A panel of arbitrators on Wednesday ordered Big Tobacco to pay Oregon the more than $9 million that they had failed to pay, the Oregon Department of Justice said.
These tobacco companies -- which include Philip Morris USA Inc., R.J. Reynolds Tobacco Company, and Lorillard Tobacco Company, among others -- argued that they should not have to make their full payments under the Tobacco Master Settlement Agreement because Oregon had failed to diligently enforce certain terms of the agreement.
The panel found that Oregon “diligently enforced” its MSA obligations and is entitled to the remaining $9 million due on the 2003 payment.
“This is a big victory for the citizens of Oregon,” said Attorney General Ellen Rosenblum. “The Oregon Department of Justice has taken very seriously its obligation to diligently enforce the terms of the Tobacco Master Settlement Agreement. We took the position that we were entitled to our full payment from Big Tobacco, and we were vindicated by the panel’s ruling.”
This decision is a significant legal victory for Oregon, officials said.
Oregon has been litigating with big tobacco firms since 2006 regarding whether Oregon fulfilled its obligations under the MSA, a 25-year-old agreement between tobacco companies and 46 states, including Oregon.
The tobacco manufacturers pay billions annually to participating states in exchange for the states’ agreement not to sue for health-related damages to citizens.
In 1998, Oregon and a number of other states entered into the MSA as a method of settling the numerous claims the states were pursing against Big Tobacco as a result of their fraudulent advertising practices and the resultant health care costs borne by the states.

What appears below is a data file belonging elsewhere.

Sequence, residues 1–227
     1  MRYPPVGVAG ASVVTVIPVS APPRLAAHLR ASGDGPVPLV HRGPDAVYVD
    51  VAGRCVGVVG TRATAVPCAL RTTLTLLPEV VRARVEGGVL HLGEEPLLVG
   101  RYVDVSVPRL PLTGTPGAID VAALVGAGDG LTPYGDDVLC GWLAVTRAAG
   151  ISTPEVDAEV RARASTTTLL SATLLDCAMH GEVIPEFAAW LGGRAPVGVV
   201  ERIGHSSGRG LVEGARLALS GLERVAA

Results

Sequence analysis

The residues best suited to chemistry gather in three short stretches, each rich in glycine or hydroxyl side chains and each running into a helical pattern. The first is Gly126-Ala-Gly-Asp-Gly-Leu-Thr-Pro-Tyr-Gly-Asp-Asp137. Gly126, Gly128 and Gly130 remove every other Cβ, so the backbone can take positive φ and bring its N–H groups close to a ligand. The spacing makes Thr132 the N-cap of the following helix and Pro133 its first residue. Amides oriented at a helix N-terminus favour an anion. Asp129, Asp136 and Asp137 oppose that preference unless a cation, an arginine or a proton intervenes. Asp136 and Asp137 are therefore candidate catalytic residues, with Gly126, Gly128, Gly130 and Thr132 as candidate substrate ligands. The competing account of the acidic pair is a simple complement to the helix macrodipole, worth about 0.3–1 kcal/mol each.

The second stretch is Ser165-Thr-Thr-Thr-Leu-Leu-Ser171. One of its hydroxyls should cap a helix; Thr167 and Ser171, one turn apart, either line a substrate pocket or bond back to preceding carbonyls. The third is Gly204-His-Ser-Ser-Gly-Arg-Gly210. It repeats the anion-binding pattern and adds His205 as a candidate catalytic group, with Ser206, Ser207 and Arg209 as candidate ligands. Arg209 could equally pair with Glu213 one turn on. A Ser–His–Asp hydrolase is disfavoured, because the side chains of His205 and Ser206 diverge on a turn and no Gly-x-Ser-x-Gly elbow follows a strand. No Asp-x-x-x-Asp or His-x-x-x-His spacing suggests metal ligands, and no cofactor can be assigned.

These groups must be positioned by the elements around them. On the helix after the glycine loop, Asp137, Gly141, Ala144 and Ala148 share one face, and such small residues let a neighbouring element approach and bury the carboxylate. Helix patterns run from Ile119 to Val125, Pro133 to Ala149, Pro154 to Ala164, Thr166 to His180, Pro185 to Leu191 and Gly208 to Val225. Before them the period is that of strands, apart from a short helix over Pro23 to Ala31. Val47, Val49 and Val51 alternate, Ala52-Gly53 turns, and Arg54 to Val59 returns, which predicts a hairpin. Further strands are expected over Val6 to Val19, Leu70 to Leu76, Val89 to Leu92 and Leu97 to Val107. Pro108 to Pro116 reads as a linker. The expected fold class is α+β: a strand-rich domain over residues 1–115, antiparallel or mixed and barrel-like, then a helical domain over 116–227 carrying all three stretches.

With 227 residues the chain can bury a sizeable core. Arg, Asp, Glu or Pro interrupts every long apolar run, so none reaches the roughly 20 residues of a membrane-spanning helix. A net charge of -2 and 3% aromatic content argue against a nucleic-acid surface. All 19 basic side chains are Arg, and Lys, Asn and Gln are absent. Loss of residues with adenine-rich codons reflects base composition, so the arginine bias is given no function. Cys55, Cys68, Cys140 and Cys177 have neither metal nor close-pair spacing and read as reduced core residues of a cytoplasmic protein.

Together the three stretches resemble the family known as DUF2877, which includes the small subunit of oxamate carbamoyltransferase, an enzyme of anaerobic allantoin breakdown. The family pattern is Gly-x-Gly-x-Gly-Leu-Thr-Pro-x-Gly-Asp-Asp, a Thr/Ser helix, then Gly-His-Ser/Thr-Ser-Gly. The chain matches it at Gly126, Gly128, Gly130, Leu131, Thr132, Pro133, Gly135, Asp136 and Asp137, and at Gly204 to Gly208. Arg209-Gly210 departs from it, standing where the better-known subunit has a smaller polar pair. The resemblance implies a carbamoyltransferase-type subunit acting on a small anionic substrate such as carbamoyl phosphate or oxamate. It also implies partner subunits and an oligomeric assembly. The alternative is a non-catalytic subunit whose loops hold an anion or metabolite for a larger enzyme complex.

As a result of the MSA, Oregon currently receives payments of approximately $80 million per year from Big Tobacco. Since 1999, Oregon has received over $690 million in MSA payments.
The protracted dispute that resulted in Wednesday’s decision began in 2006.
Under the MSA, the states are required to collect escrow payments on cigarette sales from tobacco companies that did not join the MSA.
Big Tobacco may withhold all or part of a state’s annual payment if that state failed to “diligently enforce” its tobacco laws against those companies that did not join the MSA.
To resolve the Big Tobacco claim that many states had failed to diligently enforce, Oregon and other states entered into a nationwide arbitration, conducted by a panel of three retired federal judges. All states who had signed on to the MSA were originally parties to the arbitration. Late in the arbitration process, 17 states, Washington, D.C., and Puerto Rico settled with Big Tobacco.
The case was handled by a team of lawyers from the Department of Justice’s Civil Enforcement Division, along with Special Assistant Attorneys General David Markowitz and Lisa Kaner and their team.
“We were honored to work with the attorney general on such an important issue for this state and we could not be more pleased with the result,” said Special Assistant Attorney General Lisa Kaner, of the Markowitz, Herbold, Glad, & Mehlhaf P.C. law firm.
Rosenblum thanked the Markowitz law firm, Fred Boss, Chief Counsel of the Civil Enforcement Division, and Lisa Udland, Deputy Chief Counsel of the Civil Enforcement Division, saying “the panel was obviously impressed with our team’s preparation, going out of its way to commend our Deputy Chief Counsel Lisa Udlund, who was been the lead lawyer on these matters at DOJ for 10 years.”